- Accurately track employee performance
- Reward employees for a job well done
1. Determine performance goals and objectives
Start by thinking about your employees’ current performance. Identify areas where improvement and growth could help take your team’s performance to the next level. Determine if there’s an apparent deficiency or limitation that your team could intentionally work to improve.
From there, consider what specific goals or standards you’d like your team to reach. Your target should represent a degree of manageable difficulty for your team. You don’t want the goal to be so easy that it doesn’t represent real progress for your organization. You also don’t want your employees to get bored and lose interest.
At the same time, the goal should be manageable for your employees. They’ll become discouraged if they don’t feel like they can reach the standards you’ve set. Make every effort to choose a goal that pushes your employees to perform without stunting their growth or progress.
2. Consider bonus programs in your industry
You don’t have to reinvent the wheel when creating a program for performance-based bonuses. Consider what other companies in your industry are doing to determine the most useful or effective tactics for your organization.
While this information can be helpful, you don’t have to copy what your competitors are doing. Feel free to put a creative spin on others’ ideas to make them more relevant or applicable to your scenario. You know your team as well as anyone, which qualifies you to make choices about what will best motivate your employees.
3. Determine the best type of performance-based bonus
With an understanding of the different performance-based bonuses, and which are popular in your industry, you can select the bonus structure that will best motivate your team.
Consider using a mix of monetary and nonmonetary incentives in your performance-based bonus plan, and scale the incentives with the achievement. Some employees find the potential to increase their earnings more motivating, while others might be more driven to earn increased flexibility or additional career advancement opportunities.
You can—and likely should—tailor the bonus to the role as well as the achievement. However, you’ll also want to be fair to everyone. Avoid creating a bonus structure that will incentivize some roles but not others, or that will penalize people who aren’t associated with a department.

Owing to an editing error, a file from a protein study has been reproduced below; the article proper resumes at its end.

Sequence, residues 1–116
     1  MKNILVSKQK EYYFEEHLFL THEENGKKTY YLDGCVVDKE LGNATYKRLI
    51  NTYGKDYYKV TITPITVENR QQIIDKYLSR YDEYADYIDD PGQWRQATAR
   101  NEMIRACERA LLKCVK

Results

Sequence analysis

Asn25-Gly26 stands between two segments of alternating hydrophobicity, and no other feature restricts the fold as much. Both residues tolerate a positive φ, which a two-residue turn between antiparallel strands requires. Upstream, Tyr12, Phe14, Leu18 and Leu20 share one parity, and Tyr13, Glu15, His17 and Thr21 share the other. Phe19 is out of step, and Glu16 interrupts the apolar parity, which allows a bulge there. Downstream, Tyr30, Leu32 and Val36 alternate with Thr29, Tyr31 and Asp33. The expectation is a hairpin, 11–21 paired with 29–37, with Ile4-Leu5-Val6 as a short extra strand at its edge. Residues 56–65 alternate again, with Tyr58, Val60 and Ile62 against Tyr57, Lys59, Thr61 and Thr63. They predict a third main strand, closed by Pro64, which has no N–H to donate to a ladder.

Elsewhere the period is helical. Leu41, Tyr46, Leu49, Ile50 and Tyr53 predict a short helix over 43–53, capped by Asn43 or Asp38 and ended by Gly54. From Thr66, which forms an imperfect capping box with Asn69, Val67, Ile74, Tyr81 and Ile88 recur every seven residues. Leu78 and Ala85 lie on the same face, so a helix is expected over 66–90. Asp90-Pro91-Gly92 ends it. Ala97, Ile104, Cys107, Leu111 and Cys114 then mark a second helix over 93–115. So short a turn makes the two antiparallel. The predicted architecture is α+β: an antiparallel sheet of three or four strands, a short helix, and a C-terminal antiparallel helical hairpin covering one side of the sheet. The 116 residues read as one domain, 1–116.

Where the operations department might have a bonus structured closely with a facility’s output, human resources could have metrics designed around recruitment, retention, and compliance, for example.
Consider soliciting feedback from team members before formally establishing a performance-based bonus plan. This allows you to gauge how team members will receive the plan and what incentives may have the greatest impact. Employees will also feel more ownership when contributing to the decision-making process.
4. Accurately track employee performance
Track employee performance so you know when employees meet performance goals. You’ll know when to reward employees and be able to do so promptly so that employees feel recognized for their performance.
Consider applying the SMART goal framework to create specific, time-bound, and measurable goals. Employees will have an easier time pursuing goals if they are clear about what you expect from them. By setting specific and measurable goals in advance, you’ll have a better opportunity to define success, as well as to progress and incorporate this vision into the goals.
5. Reward employees for a job well done
Employees who receive performance-based bonuses will feel like their contributions are appreciated and valued. This recognition can encourage continued high performance—both for the employee receiving the bonus and other team members who take notice.
You should periodically revisit employee goals to ensure they’re realistically attainable and appropriately challenging. If employees meet goals regularly, raise the bar. If the goal seems too challenging, consider if the goal is too difficult.
Find the best talent for your team on Upwork
Performance-based bonuses tend to be mutually beneficial for employees and companies. They can encourage high-performance levels and create a company culture of recognition and affirmation for high-performing employees. They may also increase employee retention and limit turnover in your organization.
Hiring the right talent for your team is essential to maintaining effectiveness and productivity. Thankfully Upwork makes hiring easy through our extensive online talent network. You can post jobs on Upwork and find talent that possess a diverse range of skills for your business needs.